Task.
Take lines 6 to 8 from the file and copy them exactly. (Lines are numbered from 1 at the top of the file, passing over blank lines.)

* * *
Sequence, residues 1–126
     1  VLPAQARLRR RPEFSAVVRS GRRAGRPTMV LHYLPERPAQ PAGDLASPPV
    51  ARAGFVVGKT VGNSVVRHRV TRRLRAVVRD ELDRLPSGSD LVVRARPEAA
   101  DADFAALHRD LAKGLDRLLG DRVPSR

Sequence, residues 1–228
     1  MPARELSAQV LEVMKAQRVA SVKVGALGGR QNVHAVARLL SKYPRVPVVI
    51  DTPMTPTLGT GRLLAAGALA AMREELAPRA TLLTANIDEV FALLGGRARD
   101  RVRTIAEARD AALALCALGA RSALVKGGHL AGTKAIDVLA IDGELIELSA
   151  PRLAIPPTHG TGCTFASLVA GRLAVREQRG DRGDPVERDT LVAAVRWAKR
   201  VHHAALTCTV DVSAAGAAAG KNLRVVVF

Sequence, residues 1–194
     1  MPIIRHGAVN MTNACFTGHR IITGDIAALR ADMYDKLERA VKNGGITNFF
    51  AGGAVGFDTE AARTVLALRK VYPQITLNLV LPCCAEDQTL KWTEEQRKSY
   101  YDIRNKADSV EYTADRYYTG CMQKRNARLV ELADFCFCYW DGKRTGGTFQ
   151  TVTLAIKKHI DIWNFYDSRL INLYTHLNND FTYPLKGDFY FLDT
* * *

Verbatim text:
     1  MPARELSAQV LEVMKAQRVA SVKVGALGGR QNVHAVARLL SKYPRVPVVI
    51  DTPMTPTLGT GRLLAAGALA AMREELAPRA TLLTANIDEV FALLGGRARD
   101  RVRTIAEARD AALALCALGA RSALVKGGHL AGTKAIDVLA IDGELIELSA